“Fun, not funny.”
By now, you’ve likely enjoyed the great work of Jomboy. We regularly post breakdown videos from its founder, Jimmy O’Brien (sadly, no relation to TOB). The most famous one – the video that is credited for turning something O’Brien did in his spare time while working as a wedding videographer to a company with 64 employees and a latest funding round of $5M – was the Astros cheating scandal. You know, the garbage bins.
O’Brien’s unique skillset is on full display in the video. He wasn’t breaking news – The Athletic had the story before Jomboy…and Jmboy isn’t a sports news website anyway…it still doesn’t even have a website! – but he walked the viewer through it so they could see it with their own eyes instead of imagining the cheating while reading along. In the video, O’Brien is funny and extremely insightful, but he never even has a whiff of that self-aggrandizement that seems so common in sports talk tv and radio (the hot take).
It’s the tone that has come to define the company. In his own words, “Fun, not funny.”
Per Zach Schonbrun:
O’Brien says, “The easiest way to get laughs sometimes is to knock other people down or go negative. That isn’t really our vibe.”
This can be construed as an attempt at virtuousness, but he insists it is nothing out of character for them. He and Storiale just generally don’t like confrontation.
“We’ve both been diagnosed as conflict averse because we have older sisters who fought their moms,” O’Brien joked. “We were the peacemakers.”
It’s also likely a big reason why Jomboy has been welcomed by MLB. Chicago Cubs outfielder Ian Haap hosts a weekly podcast for Jomboy, and the company recently signed a partnership with the YES Network to produce content and simulcast shows.
As Schonbrun’s story lays out, “Fun, not funny” is also a pretty savvy place to plant a flag in this current landscape of sport content.
Joe Favorito, a sports industry analyst and lecturer in Columbia University’s sports management program, contrasted Jomboy’s goofier, more inviting approach to the path forged by Barstool Sports, the insurgent media group now worth more than half a billion dollars.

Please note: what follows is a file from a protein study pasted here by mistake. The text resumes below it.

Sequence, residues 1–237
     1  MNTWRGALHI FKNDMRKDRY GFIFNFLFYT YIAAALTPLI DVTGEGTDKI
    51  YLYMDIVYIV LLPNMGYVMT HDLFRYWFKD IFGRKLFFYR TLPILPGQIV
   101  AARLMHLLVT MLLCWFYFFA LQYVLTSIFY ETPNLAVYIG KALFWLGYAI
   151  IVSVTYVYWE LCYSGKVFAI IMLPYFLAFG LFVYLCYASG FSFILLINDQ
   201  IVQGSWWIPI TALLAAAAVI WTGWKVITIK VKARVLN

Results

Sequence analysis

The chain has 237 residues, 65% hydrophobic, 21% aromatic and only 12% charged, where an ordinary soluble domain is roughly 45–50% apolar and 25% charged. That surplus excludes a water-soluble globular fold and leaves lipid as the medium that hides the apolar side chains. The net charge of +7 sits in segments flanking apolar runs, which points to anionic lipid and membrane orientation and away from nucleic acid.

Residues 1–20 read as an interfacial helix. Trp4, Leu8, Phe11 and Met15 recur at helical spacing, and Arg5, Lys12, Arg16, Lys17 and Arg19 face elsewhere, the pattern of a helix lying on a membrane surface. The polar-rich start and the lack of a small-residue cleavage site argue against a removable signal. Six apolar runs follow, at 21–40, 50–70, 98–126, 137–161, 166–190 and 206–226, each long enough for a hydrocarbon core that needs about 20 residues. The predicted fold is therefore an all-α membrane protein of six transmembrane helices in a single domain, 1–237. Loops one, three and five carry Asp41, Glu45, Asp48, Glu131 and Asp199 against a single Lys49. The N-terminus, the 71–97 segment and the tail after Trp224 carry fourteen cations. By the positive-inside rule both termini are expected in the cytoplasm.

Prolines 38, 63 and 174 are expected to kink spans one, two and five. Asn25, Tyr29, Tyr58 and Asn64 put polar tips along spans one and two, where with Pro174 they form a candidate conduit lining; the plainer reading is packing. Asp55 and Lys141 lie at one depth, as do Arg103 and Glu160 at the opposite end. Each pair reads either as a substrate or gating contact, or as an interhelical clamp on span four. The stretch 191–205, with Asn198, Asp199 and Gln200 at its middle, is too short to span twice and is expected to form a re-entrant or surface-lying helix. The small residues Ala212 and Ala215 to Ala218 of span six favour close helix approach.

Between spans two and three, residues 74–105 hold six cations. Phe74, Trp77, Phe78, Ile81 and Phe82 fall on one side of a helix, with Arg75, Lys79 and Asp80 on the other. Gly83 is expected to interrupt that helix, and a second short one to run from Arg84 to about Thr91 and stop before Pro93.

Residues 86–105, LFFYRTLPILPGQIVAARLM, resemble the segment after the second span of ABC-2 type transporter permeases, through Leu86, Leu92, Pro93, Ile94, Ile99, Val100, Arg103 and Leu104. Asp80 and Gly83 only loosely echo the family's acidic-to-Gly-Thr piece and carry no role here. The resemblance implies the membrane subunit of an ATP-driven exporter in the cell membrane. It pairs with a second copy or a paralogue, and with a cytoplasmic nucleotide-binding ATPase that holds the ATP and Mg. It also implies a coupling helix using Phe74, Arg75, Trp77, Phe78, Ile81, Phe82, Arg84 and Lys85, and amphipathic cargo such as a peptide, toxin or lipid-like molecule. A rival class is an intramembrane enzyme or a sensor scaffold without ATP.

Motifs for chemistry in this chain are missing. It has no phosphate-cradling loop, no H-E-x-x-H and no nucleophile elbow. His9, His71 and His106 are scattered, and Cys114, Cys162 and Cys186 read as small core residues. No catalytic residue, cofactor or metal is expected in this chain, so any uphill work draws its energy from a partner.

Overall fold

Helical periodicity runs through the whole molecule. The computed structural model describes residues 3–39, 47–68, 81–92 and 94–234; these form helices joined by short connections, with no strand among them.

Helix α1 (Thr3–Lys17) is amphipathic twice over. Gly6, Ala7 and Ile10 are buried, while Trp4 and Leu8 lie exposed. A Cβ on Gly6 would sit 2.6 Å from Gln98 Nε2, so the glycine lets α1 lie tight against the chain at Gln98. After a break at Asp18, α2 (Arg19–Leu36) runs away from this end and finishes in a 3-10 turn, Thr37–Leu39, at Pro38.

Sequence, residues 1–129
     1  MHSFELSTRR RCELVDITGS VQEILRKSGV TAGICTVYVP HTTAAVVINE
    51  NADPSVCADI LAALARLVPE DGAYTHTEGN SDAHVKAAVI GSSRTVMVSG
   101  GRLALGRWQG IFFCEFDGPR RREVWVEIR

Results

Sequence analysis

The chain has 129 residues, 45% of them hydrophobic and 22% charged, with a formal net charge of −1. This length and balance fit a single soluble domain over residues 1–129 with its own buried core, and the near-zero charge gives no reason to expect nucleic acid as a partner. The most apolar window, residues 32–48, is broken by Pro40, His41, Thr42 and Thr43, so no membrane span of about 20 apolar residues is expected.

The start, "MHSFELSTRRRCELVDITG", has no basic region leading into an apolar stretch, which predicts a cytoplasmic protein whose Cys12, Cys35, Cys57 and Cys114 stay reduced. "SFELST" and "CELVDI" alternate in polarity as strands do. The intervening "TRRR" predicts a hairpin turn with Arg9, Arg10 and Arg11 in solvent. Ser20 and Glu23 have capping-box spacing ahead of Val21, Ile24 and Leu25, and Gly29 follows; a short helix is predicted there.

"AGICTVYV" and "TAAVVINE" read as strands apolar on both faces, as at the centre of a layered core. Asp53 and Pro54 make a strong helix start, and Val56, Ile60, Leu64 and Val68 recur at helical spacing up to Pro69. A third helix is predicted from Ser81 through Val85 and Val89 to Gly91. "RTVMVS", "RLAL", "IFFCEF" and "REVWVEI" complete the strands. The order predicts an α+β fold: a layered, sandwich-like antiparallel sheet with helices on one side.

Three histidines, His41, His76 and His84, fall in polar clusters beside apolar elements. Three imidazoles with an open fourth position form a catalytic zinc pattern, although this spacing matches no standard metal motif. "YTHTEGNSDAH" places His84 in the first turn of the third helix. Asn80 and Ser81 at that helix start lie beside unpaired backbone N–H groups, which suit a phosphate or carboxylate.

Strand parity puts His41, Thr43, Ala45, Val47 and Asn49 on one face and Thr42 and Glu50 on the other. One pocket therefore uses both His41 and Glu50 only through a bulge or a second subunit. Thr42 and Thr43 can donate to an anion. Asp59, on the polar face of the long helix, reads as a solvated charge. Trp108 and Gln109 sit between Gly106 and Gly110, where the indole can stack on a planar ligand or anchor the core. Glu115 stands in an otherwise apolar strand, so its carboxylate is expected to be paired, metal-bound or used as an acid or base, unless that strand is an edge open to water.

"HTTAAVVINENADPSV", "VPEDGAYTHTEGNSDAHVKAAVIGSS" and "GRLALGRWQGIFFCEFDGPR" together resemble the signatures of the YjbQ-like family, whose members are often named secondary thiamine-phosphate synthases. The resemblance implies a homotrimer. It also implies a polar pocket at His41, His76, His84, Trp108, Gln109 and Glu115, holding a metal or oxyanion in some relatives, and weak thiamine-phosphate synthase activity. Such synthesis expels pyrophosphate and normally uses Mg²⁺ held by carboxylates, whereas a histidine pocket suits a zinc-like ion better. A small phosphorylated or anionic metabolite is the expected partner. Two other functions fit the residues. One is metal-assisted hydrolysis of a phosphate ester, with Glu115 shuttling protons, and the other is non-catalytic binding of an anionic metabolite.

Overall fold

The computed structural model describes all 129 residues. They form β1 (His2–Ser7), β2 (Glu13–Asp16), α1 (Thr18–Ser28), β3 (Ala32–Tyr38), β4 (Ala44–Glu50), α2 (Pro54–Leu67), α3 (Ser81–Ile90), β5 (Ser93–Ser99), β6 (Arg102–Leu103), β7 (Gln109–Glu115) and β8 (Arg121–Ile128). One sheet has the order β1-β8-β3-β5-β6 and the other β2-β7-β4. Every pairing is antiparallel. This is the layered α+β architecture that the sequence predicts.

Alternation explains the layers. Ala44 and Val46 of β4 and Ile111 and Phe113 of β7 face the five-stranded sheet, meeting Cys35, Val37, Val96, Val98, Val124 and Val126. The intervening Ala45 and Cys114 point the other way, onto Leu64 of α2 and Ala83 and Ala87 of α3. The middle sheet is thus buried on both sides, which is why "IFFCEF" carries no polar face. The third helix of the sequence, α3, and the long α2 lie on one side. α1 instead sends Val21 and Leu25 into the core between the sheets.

“They’re the less edgy premise of what Barstool is overall,” Favorito said. “They’ve taken that unique, irreverent position while also being respectful of baseball — with some really good insight.”
Jomboy’s escape from the toxicity and polarization on social media is what attracted some big-name investors, including Alexis Ohanian of Reddit and Seven Seven Six, who joined in its latest funding round.
“The pendulum has swung back,” Ohanian wrote in an email. “People crave the good vibes.”
TOB and I started this hobby of 1-2-3 while sitting at a bar on the corner of Geary and Masonic in San Francisco, and it sounds like Jomboy was started in the same spirit of a regular dude who just loves sports. It’s really cool to see Jomboy take off like it has. O’Brien had a clear niche, he executes it perfectly, and I love it. – PAL
Source: “A Sports Media Empire Runs on ‘Good Vibes Only’”, Zach Schonbrun, The New York Times (09/14/22)
R.I.P. Jonathan Tjarks
Tjarks, a basketball writer for The Ringer, died this week after a long battle with cancer. I was not a big follower of his work, but I wanted to re-post a story he wrote after learning the first round of chemotherapy didn’t take, and his mindset shifted. It’s an incredible, beautiful piece of writing.
I have already told some of my friends: When I see you in heaven, there’s only one thing I’m going to ask—Were you good to my son and my wife? Were you there for them? Does my son know you?
Read it. – PAL
Source: “Does My Son Know You?” Jonathan Tjarks, The Ringer (03.10.22)
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